Descriptions of the various modes - This camera, as well as my other Pentax Point and Shoot, the Optio E90, not only gives you a variety of modes, but provides, in the menu, a description of that mode and the effect that using it will have on the image. It also informs the user of when a lower resolution image will result. This is such a handy feature as it allows the user to not have to remember the specifics of each mode, or run to the manual upon forgetting. And there are indeed a large number of modes at hand to play with on this camera. It promises to be not only a good photographic tool, but entertaining as well.
(pic of optio back)

The ability to focus within 2 cm - Wow. Holy cow. How totally cool is that? On a point and shoot even. Light for this focusing mode can be provided by three LED lights around the lens. Using these in P mode rather than the Digital Microscope mode will give you all 12.1 mp whereas Digital Microscope will give you only 2.1 mp. And really, using it this way renders the Digital Microscope mode rather useless, unless you want to get that close in one step and resolution is not an issue.
(pics of bug and pine bud)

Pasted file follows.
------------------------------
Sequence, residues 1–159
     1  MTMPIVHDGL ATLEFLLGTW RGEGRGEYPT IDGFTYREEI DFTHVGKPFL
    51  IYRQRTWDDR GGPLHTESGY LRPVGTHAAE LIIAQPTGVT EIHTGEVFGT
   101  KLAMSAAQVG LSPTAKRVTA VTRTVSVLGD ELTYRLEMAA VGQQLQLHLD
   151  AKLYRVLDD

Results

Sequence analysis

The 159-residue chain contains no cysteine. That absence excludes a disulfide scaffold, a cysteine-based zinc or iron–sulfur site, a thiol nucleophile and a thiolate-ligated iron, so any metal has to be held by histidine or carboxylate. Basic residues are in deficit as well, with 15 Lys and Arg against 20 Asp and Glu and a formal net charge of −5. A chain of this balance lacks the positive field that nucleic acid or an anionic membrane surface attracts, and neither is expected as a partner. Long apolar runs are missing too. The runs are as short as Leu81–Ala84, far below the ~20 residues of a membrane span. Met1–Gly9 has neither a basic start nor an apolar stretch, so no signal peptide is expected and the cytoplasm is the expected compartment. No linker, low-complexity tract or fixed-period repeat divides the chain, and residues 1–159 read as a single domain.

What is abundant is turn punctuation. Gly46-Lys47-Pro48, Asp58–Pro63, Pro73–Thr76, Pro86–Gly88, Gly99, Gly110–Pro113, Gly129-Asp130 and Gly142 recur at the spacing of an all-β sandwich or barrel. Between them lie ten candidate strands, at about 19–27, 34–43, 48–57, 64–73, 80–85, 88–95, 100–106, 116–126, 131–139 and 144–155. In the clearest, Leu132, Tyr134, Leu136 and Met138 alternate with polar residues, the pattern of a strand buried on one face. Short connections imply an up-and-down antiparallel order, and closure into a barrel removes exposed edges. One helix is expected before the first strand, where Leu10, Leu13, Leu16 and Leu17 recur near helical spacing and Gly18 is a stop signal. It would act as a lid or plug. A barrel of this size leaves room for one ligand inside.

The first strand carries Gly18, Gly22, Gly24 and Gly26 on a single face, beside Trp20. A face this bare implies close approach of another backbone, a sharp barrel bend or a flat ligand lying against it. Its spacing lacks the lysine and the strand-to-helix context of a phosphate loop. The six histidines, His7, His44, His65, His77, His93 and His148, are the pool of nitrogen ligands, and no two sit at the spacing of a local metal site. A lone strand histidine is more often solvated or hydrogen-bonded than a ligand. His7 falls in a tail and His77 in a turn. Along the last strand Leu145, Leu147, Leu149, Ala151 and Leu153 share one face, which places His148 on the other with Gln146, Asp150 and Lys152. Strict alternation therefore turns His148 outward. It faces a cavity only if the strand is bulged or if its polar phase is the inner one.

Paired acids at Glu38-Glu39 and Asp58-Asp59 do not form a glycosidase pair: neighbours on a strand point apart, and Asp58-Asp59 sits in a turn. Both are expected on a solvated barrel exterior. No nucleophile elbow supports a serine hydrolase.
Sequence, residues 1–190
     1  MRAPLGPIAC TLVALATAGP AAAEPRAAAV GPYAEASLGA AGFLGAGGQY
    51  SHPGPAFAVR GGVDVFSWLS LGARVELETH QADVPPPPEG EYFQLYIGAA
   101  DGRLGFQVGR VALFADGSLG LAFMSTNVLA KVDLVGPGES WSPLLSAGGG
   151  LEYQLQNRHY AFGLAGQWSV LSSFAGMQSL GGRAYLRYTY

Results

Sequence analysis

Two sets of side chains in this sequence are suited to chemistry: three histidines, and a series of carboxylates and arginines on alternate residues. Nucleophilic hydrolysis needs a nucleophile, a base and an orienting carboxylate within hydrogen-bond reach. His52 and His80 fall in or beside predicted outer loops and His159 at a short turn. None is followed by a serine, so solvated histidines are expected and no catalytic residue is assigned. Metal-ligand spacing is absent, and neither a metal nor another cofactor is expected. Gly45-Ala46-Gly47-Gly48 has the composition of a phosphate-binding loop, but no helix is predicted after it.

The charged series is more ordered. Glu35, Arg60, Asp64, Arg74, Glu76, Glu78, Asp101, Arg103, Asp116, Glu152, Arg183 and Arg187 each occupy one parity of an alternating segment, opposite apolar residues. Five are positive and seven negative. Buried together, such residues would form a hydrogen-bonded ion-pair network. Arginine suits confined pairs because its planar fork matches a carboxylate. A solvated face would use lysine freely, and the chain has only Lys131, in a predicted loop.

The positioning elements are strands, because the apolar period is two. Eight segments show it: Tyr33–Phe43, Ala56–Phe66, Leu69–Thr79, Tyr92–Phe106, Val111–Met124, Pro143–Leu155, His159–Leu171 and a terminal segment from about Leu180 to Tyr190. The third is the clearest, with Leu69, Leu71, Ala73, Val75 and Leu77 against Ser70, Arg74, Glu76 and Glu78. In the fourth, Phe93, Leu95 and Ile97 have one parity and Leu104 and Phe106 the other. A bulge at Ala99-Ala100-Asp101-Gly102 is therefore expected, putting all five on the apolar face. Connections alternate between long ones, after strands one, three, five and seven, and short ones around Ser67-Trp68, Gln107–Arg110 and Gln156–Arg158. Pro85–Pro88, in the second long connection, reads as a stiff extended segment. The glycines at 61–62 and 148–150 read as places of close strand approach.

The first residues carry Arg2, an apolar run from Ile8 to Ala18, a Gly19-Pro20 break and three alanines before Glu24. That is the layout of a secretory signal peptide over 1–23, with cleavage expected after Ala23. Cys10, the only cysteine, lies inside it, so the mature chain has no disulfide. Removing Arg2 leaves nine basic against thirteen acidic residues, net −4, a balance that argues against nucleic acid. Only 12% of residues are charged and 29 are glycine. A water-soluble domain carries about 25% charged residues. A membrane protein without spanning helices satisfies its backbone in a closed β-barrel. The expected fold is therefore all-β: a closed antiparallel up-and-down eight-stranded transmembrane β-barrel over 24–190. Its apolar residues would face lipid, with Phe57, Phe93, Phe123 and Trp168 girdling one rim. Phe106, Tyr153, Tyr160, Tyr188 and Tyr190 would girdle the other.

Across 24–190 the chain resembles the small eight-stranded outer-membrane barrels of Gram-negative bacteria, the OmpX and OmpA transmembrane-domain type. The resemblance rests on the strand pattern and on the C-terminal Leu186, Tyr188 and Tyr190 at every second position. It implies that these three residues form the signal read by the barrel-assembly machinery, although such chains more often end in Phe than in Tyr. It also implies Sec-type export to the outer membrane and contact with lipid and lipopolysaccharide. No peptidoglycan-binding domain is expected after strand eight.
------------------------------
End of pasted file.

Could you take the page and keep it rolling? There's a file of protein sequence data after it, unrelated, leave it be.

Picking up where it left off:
What I don't like:

Position of the flash - The budget Optio E90 has the flash placed on the other side of the lens, near the middle of the camera. This makes it much easier to avoid the inadvertant placing of fingers over the flash. On the W90, it's placed in the more traditional upper left (when looking at the back of the camera) where it's easy to get fingers in the way.

Image quality when focus is set to infinity - This focusing mode results in images that leave quite a bit to be desired. It's difficult to obtain much in the way of sharpness, although when viewed small the images are okay
(pwforst pic)

In my opinion, the Optio W90 tends to overexpose a bit. That may be my personal preference as I would rather err on the side of non-blownout highlights. I much prefer the look of the images with about a -0.7 EV, and have the camera set to stay at that (unless I change it of course). But again, this can fall under personal preference. The boys used the underwater video on a seaturtle but a only cursory exploration of the abilities and quality of video recording has been undertaken.

What I would love to see is a Pentax point and shoot that had the ability to shoot in RAW. That would make me one happy camper indeed. However, for the intended purpose, this camera is a workhorse. It survived the teenagers, the scubadiving, and even myself (having dropped it already).